Journalism "Correspondence from other readers is often lost in the huge volume of lobby email and thus lobbies tend to undermine the complaints procedures in place at the Guardian. Many of the lobbyists clearly do not read the paper. In the case of the lobby ostensibly supporting Prof Chomsky, many appeared to miss the note in the corrections column on November 12 saying that I was in touch with Prof Chomsky and would publish my findings when the matter was resolved." -- The controversy surrounding the Emma Brockes interview with Noam Chomsky trundles on as Ian Mayes, The Guardian's reader's editor answers a complaint about his answer to the complaint. Isn't this getting a bit too complicated?

Review 2005

Kat Herzog

To Drag The Past Out Into The Light: The Secrets Of Cellular Regeneration.

I don't know if it's science or fiction, but I once read that, every seven years, the human body completes a regenerative cycle. The fingertip that touched a lover's cheek on New Year's Eve 1996 is, on a basic cellular level, long gone. Today, you are comprised of completely different bits than you were on this day in 1998. It's a creepy and intriguing thought.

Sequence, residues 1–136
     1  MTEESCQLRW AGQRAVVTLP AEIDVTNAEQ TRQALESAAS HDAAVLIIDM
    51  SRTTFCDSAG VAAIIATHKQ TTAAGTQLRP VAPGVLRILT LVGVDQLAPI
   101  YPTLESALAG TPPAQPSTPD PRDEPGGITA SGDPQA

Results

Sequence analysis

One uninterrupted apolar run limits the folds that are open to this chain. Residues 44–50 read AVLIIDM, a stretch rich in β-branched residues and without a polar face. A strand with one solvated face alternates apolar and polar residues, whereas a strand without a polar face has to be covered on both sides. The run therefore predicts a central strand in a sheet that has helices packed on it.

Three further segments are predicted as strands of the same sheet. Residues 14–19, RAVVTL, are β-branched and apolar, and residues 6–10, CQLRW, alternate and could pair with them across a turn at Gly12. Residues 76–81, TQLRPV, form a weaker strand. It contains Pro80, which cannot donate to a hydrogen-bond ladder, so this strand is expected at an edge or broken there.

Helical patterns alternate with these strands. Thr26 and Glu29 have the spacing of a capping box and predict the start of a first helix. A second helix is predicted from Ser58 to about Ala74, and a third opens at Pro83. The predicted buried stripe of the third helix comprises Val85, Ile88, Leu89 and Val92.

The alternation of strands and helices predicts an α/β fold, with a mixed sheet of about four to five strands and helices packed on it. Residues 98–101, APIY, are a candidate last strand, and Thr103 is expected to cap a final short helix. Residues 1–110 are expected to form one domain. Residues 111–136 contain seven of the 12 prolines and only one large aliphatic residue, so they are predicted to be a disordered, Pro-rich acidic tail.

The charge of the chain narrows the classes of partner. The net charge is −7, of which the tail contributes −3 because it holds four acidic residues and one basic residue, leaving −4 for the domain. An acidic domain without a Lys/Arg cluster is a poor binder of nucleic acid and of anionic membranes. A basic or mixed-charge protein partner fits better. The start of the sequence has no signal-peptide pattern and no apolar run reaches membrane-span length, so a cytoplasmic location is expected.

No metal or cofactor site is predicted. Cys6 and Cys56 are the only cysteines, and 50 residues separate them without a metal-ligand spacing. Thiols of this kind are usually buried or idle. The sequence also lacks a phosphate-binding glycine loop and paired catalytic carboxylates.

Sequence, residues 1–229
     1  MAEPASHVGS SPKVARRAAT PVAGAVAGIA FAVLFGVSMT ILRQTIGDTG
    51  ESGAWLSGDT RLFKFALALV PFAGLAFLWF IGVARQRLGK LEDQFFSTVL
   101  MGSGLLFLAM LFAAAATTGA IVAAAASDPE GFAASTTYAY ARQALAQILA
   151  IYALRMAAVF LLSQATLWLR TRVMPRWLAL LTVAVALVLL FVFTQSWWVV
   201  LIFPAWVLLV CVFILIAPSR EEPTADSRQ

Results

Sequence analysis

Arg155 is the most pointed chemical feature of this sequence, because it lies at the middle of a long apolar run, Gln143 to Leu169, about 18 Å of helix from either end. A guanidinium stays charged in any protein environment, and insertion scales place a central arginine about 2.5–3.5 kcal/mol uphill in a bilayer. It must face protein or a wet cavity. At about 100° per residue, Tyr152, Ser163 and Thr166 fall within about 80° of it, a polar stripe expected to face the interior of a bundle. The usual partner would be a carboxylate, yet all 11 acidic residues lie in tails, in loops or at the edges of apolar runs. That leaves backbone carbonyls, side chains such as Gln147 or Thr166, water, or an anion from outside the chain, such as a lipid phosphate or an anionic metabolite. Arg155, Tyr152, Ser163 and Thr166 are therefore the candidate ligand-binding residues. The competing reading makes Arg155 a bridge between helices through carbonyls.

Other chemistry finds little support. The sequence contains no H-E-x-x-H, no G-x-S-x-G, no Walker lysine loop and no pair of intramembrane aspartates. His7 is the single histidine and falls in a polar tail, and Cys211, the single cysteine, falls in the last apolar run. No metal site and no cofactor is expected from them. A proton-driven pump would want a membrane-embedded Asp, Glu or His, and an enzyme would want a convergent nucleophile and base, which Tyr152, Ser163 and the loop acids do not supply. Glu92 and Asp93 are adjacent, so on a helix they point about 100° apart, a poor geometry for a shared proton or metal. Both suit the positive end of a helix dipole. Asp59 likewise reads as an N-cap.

Anyway, it all started with concert tickets. I love the band and the band loves me for all the coins I've put in their pockets over the years. I'm admittedly a little irrational about the relationship, but is love every really sane? After a struggle against scalpers and and all sorts of ill fates, I bought my tickets. And then I had eight months to sit on the tickets. And I was scared to go to the concert.

Why the pathetic stumble? I saw them six times on the tour before their last tour, when I recklessly tripped from city to city, fire fully lit, unceasingly hungry for more. That year is a swirl of strange faces and instant friends, and foggy piers, desert skies, and icy subzero airport parking lots - and lots of cheap ramen noodles. In the years since, I've learned to balance a checkbook and actually pay my bills and research sensible vacuum cleaners.